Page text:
Maybe asking people to smile is what mattered, not the actual expression. Then, in 1988, a paper came out in the Journal of Personality and Social Psychology that figured out this problem, and its results have been included in many intro psych textbooks. In a series of two experiments, researchers had 175 university students hold a pen in their mouth while trying to do some simple writing and drawing tasks.

They were told scientists were interested in learning more about what these tasks might be like for people with physical impairments. But the researchers actually wanted to study the participants’ emotions. See, holding the pen between their teeth, it made their mouth form a smile.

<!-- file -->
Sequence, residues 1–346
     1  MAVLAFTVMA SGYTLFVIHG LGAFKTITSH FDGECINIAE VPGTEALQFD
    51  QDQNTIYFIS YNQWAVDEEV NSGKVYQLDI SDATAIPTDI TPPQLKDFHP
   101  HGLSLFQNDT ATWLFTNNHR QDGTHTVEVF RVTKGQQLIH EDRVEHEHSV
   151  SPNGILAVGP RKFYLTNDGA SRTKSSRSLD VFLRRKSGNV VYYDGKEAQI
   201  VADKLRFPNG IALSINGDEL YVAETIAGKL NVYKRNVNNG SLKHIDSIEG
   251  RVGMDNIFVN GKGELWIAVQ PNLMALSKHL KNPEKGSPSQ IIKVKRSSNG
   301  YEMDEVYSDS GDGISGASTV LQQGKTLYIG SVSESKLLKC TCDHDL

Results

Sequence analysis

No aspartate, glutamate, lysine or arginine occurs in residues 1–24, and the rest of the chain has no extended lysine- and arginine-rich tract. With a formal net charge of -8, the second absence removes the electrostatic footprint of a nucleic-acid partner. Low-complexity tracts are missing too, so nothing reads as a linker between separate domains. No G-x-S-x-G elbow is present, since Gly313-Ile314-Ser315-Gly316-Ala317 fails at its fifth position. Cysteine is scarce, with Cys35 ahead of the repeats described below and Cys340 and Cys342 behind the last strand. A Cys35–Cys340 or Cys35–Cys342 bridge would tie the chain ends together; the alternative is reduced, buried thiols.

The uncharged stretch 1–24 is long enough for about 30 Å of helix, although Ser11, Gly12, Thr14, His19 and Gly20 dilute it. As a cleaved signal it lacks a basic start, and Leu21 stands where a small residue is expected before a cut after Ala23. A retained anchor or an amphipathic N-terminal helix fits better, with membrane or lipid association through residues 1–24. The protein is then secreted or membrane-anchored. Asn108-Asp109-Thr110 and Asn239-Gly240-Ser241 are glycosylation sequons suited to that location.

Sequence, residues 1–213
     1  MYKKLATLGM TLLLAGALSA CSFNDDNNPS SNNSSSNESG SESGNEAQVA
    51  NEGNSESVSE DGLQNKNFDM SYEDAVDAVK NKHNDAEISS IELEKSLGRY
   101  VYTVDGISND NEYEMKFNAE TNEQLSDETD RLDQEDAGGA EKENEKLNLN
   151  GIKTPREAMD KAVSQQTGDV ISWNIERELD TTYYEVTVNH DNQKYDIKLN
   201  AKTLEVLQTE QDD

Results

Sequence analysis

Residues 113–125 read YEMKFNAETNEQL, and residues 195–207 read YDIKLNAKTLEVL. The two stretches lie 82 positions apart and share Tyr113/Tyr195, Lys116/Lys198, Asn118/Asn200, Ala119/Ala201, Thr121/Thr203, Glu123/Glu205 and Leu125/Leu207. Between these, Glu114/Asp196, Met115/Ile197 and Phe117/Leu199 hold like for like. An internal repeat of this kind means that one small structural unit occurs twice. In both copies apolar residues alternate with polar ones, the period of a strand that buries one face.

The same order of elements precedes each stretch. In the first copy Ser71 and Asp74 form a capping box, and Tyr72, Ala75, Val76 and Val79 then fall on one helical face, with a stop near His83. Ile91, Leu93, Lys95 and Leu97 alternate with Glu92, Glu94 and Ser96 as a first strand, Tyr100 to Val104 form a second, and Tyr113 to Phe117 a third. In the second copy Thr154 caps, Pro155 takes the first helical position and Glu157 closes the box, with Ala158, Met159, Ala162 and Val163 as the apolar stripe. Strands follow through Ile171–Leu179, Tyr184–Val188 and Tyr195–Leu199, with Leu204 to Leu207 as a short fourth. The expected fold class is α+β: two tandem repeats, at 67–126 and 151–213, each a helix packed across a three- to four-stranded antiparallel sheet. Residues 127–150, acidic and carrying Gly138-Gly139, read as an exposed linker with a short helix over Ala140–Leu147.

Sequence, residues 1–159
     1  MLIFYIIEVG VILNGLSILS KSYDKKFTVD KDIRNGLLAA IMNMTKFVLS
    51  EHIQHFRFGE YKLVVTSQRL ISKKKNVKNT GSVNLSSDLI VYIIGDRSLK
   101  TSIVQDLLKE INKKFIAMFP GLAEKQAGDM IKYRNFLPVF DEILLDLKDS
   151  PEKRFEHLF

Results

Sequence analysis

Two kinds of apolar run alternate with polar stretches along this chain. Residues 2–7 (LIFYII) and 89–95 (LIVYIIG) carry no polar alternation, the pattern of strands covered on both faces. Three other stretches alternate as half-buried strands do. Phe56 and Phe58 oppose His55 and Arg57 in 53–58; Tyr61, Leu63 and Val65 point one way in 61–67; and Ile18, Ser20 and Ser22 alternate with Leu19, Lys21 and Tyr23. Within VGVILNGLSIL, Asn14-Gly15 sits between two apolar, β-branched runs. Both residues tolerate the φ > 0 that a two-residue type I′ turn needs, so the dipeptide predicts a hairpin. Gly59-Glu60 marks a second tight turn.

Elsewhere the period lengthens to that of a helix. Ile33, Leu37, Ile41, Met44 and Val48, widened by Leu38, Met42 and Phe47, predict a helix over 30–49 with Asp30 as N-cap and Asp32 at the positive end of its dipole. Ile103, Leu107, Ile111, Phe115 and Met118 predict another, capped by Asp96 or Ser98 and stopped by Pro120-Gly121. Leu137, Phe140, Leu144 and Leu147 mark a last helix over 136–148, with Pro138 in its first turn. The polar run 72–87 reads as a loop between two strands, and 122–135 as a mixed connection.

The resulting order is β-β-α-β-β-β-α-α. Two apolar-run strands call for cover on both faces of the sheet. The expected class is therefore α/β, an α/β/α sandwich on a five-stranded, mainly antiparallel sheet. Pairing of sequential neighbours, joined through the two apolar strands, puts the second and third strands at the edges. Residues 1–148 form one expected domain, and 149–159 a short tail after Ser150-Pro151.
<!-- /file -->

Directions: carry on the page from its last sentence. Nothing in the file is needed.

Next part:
And between their lips, a sort of pout. But the key was, participants didn’t realize their faces were making these expressions, so they couldn’t bias any results. Later, when they were asked to rate some comics, subjects tended to report they were funnier if they’d made the smiling face.

And since they didn’t know they’d been smiling, it seemed like expression itself really affected things. Of course, in the years since, many scientists also questioned the accuracy of this study. Because welcome to research.

In a 2016 paper, 17 research groups from around the world came together to try to replicate it, each running the study almost exactly like the original and testing close to 1900 participants. Except, they couldn’t find the effect. But that didn’t necessarily mean the classic study was wrong.